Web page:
“IT’S ALIVE!” And with those words, the monster began its 200-year rampage.
Though Mary Shelley never actually wrote those words, they come from the 1931 Universal movie starring Boris Karloff as the Monster. It’s interesting to think about what Lord Byron would feel to realize that while he is little remembered outside of English classes, the wife of his friend Percy Bysshe Shelley (another English poet), challenged to write a ghost story, would create one of the world’s most enduring characters: the Frankenstein monster.
Since the publication of her novel in 1818, Mary Shelley’s creation has been featured in over 60 films starting in 1910 and continuing to this day (the upcoming Bride of Frankenstein). As well as many TV shows. Authors from Brian Aldriss to Fred Saberhagen and Dean Koontz and many others have retold Shelley’s story, created sequels, or added their own interpretations. The monster has been portrayed as terrifying, tragic, and even comedic. Even Japan’s Toho Studio (the home of Godzilla) has created their own gigantic version.
What’s interesting is that the name Frankenstein (originally a 13th century German castle) conjures up images of the monster in our minds that are likely straight from the silver screen: the classic version of Frankenstein played by Boris Karloff, Peter Boyle as Frankenstein in Mel Brook’s film, or Robert De Niro’s more recent portrayal in the 1994 Mary Shelley’s Frankenstein. Yet, Mary Shelley wrote her novel about Victor Frankenstein, the creator, rather than his creation. In her novel, the monster only appears in a few pages. And her monster is not the growling creature we’re used to, but a talking, emotional one who just wants to belong.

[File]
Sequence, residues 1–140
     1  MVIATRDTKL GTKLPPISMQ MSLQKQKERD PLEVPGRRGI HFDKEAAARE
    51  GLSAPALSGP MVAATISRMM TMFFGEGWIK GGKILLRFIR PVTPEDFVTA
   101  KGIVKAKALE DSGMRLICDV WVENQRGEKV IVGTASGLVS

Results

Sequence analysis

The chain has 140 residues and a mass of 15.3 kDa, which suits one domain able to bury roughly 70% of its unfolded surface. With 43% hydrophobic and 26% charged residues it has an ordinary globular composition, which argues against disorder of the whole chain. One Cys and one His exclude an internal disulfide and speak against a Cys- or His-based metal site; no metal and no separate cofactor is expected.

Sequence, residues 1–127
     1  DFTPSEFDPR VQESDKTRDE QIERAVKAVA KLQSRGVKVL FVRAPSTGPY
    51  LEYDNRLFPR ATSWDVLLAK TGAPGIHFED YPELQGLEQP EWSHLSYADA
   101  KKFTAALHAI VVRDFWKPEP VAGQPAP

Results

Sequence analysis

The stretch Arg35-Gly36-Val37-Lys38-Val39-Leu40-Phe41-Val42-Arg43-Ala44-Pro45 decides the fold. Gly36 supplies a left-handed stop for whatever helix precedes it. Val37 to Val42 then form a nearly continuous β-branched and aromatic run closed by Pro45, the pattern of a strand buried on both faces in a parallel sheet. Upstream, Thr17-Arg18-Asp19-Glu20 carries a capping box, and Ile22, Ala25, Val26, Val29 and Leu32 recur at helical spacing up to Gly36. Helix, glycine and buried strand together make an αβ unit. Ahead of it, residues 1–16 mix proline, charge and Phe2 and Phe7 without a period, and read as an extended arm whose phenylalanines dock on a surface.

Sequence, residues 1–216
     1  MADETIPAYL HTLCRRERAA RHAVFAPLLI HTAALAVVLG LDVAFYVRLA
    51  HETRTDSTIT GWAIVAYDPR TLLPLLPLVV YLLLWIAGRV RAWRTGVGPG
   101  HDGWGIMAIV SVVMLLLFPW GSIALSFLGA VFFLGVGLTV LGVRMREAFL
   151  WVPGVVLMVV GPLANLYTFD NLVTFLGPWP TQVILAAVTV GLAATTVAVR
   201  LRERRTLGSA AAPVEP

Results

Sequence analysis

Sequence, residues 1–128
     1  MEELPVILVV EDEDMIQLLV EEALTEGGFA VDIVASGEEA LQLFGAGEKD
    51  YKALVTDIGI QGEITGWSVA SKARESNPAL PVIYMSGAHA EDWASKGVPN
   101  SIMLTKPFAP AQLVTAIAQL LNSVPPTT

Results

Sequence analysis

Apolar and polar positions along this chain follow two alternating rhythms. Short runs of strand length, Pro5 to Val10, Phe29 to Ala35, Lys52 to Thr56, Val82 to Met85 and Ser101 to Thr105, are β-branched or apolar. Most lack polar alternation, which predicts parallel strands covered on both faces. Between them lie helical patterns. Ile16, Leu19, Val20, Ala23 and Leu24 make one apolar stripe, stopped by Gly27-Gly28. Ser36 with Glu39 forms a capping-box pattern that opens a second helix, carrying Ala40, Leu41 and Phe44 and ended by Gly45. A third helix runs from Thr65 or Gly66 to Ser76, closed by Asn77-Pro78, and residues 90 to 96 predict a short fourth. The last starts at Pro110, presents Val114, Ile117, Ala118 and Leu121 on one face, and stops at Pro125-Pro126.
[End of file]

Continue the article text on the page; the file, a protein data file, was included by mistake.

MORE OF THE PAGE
But Frankenstein, whether the man or the monster lives on in literature, on film, and on television. Now celebrated with not one but two unofficial holidays. Other classic monsters such as Dracula and Godzilla only get one, and the Wolfman doesn’t get any. Frankenstein Day is celebrated on August 30th (Mary Shelley’s birthday) and Frankenstein Friday on the last Friday in October, this year on the 26th.
To help set the mood for Frankenstein Friday, Laramie County Community College’s High Plains Register and the Campus Activities Board (CAB) will host free Frankenstein cookie decorating in the LCCC Student Lounge (Cheyenne campus) on Monday, October 22.
Then, on Tuesday, October 23, a showing of Mary Shelley’s Frankenstein (starring Robert De Niro and directed by Kenneth Branagh). BONUS: the first 50 people at the movie will receive a free copy of Mary Shelley’s Frankenstein!
200 years and still going strong. Maybe it’s time to dig that old Frankenstein mask out of the closet and get your Frank-on for Halloween.
Contributed by Huntly Rinck, Senior HPR Staff
Photo (left): Boris Karloff as Frankenstein’s monster, 1931.